The Good, The Bad and The Ugly Effects of Blue Light

wtf is blue light, and why is it giving me wrinkles?

If you think “iPosture” is the only beauty evil bestowed by your phone or television, it’s time to think again...

We all know by now that exposing our skin to the sun and other outdoor polluters can cause considerable damage. What you may not know, however, is a little thing called HEV - more commonly known as blue light. 

Blue light is by no means a recent discovery as it has always existed in daylight. Although, it had remained unproblematic until society’s recent obsession with screens. Emitted by fluorescent lighting and LEDs from your TV, smartphone, tablet and computer, blue light can have similar if not worse effects on your skin as sun damage.

Proving to be just as problematic as skin care acids, there are cases both for and against the exposure of blue light. While the vast majority of conversations being had now point to evidence suggesting that the high-energy, short-wavelength qualities of blue light penetrates the skin, causing inflammation, hyperpigmentation and breakdown of collagen and elastin (which are integral to healthy skin), there are just as many conversations proving how the exposure of blue light can treat and prevent acne.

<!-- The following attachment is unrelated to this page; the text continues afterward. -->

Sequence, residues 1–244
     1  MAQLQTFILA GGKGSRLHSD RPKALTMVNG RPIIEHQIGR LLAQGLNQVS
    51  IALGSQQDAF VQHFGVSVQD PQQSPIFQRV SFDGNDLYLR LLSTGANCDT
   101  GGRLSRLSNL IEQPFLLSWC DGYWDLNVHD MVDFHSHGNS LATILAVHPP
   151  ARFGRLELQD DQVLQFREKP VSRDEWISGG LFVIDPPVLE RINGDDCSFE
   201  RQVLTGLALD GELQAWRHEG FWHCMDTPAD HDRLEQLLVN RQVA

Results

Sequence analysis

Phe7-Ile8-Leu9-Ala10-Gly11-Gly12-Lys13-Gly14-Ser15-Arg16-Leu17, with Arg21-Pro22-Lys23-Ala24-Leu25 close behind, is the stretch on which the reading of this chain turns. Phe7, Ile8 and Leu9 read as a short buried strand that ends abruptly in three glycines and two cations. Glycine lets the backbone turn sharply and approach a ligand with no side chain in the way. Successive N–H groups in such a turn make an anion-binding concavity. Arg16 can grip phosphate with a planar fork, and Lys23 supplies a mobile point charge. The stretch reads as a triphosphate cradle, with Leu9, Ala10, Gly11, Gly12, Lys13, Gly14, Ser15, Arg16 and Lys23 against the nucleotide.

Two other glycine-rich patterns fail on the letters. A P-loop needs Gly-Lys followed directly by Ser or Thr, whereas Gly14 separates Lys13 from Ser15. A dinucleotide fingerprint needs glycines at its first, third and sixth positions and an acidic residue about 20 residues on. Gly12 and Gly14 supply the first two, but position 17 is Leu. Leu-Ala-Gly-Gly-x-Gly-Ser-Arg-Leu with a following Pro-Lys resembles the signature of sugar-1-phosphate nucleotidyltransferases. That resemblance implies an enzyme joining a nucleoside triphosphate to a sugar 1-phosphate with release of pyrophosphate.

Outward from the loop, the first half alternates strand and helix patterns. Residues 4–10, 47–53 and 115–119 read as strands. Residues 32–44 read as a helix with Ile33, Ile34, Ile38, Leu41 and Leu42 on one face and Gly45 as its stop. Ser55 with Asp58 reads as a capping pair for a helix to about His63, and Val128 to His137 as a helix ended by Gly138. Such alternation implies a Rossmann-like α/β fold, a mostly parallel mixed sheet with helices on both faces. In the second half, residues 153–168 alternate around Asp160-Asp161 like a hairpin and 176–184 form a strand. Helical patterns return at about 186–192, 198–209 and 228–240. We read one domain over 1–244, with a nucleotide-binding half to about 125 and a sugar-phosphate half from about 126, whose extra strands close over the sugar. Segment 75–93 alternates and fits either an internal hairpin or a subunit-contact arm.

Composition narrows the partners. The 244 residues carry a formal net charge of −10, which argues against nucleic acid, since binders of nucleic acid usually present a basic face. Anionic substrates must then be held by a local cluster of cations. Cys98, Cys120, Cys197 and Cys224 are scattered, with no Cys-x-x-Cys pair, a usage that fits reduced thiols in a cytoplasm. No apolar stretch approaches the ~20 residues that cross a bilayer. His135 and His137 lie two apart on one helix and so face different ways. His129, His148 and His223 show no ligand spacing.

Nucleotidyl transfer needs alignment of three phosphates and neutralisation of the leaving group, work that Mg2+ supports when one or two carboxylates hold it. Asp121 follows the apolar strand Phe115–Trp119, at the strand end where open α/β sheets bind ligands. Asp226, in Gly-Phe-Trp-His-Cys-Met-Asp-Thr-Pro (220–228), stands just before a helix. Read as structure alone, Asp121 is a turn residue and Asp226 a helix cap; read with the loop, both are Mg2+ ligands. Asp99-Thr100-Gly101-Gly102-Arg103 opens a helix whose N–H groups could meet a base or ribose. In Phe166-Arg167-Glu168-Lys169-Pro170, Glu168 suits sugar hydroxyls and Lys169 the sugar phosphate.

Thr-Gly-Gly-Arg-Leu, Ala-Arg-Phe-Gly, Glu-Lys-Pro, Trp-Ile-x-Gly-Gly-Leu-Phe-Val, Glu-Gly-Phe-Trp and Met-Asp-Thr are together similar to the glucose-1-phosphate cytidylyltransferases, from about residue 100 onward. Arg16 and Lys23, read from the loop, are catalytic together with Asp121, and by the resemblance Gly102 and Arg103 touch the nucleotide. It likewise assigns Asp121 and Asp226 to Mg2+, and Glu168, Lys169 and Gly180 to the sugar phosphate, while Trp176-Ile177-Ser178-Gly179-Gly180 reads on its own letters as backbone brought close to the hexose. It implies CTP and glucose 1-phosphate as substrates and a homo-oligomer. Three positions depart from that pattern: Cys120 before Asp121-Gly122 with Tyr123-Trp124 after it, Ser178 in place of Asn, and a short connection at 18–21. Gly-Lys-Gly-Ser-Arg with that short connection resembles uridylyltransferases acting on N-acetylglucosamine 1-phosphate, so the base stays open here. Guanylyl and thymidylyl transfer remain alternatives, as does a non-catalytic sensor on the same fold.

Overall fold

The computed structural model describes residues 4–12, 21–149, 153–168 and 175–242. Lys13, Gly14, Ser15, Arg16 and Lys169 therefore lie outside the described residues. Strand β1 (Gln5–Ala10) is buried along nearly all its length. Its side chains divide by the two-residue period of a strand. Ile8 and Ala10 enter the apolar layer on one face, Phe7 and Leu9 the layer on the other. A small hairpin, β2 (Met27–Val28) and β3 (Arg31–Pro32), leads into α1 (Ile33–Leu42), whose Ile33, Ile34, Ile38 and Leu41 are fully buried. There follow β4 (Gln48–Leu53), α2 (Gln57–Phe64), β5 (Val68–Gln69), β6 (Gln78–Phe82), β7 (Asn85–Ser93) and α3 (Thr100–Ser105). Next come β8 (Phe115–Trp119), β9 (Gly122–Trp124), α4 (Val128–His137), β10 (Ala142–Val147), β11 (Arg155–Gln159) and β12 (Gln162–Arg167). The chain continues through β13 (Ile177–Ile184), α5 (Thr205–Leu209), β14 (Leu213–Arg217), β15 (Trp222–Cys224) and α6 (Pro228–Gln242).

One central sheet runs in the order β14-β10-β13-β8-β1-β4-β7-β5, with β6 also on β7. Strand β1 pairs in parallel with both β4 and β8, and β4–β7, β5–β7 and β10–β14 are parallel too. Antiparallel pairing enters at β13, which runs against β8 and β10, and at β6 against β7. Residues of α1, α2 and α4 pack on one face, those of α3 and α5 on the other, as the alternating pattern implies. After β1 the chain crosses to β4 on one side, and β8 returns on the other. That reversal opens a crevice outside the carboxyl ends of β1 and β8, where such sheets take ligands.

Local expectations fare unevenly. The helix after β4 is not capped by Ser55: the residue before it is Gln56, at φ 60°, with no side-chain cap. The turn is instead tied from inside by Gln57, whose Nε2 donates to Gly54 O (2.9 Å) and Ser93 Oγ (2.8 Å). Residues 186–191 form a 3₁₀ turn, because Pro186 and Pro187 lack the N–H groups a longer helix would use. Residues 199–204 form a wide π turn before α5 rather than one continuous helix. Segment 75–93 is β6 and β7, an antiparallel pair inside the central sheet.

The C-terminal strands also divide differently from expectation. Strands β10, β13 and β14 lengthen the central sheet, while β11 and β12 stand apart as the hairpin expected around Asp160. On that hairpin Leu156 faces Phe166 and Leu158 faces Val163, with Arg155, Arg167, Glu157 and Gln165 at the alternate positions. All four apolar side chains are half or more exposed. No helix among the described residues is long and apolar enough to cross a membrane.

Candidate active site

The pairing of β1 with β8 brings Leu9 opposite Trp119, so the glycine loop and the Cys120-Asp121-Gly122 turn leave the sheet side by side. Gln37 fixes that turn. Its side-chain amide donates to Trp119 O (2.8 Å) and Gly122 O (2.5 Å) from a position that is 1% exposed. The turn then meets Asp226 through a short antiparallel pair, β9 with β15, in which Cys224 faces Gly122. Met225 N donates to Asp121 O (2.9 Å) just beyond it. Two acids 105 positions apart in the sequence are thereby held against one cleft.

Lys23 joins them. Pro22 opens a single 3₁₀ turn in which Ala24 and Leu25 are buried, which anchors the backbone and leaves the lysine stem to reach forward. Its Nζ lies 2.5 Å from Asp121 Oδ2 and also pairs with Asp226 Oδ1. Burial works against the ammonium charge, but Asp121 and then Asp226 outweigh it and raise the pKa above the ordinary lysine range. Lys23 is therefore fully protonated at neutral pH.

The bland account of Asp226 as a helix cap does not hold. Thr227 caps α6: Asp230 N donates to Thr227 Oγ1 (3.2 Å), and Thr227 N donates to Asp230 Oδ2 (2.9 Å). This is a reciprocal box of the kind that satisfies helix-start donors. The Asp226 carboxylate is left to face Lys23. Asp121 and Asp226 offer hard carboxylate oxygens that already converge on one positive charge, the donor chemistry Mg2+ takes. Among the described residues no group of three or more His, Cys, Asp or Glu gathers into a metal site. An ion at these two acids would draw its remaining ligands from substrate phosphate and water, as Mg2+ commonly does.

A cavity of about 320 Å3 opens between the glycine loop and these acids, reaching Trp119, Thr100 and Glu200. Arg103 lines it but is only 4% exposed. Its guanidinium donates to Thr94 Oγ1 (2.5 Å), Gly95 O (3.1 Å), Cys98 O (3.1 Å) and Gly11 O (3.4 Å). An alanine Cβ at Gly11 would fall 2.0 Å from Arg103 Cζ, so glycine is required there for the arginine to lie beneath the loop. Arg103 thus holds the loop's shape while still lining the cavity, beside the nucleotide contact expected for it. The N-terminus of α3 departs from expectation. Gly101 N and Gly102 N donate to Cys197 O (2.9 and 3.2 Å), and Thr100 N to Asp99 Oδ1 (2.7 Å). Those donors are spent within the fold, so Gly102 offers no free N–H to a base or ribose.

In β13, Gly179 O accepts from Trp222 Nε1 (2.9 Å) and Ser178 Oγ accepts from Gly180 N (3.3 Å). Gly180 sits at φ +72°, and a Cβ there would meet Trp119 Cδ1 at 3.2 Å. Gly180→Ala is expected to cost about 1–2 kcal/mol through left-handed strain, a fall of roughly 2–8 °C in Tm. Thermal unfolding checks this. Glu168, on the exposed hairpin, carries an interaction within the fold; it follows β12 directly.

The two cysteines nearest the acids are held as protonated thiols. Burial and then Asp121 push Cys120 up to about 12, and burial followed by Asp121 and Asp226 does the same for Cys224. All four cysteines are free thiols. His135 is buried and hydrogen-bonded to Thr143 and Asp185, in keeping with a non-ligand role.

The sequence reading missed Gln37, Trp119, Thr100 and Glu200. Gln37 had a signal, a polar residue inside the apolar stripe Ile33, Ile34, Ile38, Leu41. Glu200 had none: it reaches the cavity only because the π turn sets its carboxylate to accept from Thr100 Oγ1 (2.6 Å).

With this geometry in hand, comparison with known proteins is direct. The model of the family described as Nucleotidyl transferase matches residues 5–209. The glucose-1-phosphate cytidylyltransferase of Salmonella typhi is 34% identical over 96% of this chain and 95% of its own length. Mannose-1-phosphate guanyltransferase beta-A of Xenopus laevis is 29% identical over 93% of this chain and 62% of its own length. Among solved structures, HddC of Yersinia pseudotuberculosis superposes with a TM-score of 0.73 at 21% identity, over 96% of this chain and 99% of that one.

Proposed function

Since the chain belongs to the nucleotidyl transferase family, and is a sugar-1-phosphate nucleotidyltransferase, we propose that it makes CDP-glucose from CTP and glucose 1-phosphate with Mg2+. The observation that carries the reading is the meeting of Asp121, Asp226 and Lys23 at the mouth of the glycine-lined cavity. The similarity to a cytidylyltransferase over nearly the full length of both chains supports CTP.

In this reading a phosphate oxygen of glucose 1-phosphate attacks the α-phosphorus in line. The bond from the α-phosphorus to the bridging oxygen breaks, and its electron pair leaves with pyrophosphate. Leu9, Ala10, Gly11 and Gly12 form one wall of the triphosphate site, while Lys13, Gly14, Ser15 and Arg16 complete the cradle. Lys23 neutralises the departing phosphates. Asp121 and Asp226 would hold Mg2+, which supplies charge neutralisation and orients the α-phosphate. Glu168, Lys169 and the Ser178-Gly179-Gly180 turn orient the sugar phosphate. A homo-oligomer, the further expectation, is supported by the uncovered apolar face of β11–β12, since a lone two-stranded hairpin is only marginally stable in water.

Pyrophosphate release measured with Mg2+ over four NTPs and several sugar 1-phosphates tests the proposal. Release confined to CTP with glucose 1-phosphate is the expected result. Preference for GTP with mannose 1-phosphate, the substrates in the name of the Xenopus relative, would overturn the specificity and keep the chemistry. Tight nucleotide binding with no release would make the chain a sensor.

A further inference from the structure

The Good

Not too long ago, light masks were a major beauty trend. Featuring both red and blue light technology, phototherapy is billed as skin-enhancing devices with the potential to improve acne, decrease oil production, and even soothe inflammation. While red light has been shown to stimulate collagen, blue light penetrates the skin’s hair follicles and pores which harbour the bacteria Propionibacterium acnes aka acne. 



The Bad

Every day our eyes process light. When we're looking at sunlight or natural light, our eyes see a combination of different coloured rays with various wavelengths. Rays on the red side of the spectrum have longer wavelengths which have less energy. Whereas, rays on the blue side of the spectrum have shorter wavelengths and more energy. The blue light emitted from the screens of our phones, computers, TVs, etc. can be especially harmful to our vision and eyes. Our cornea and lens, block and filter the majority of the rays from daylight, however, blue light permeates almost directly to the retina which is super sensitive to light, therefore, damaging your eyesight entirely.




The Ugly

Until now, the main fear surrounding blue light has been associated with eyesight, memory loss and sleep but now, the conversation has since shifted into skincare. So much so, that some of our favourite brands have launched products which combat blue light rays, similar to how SPF fights harmful rays from sun exposure. Blue light can contribute to pigmentation and advanced signs of ageing as it penetrates the skin deeper than UVA and UVB rays. This can, therefore, break down elastin and collagen and act as a free radical, also causing hyperpigmentation and redness.

Main image by victoria.dyo on Instagram

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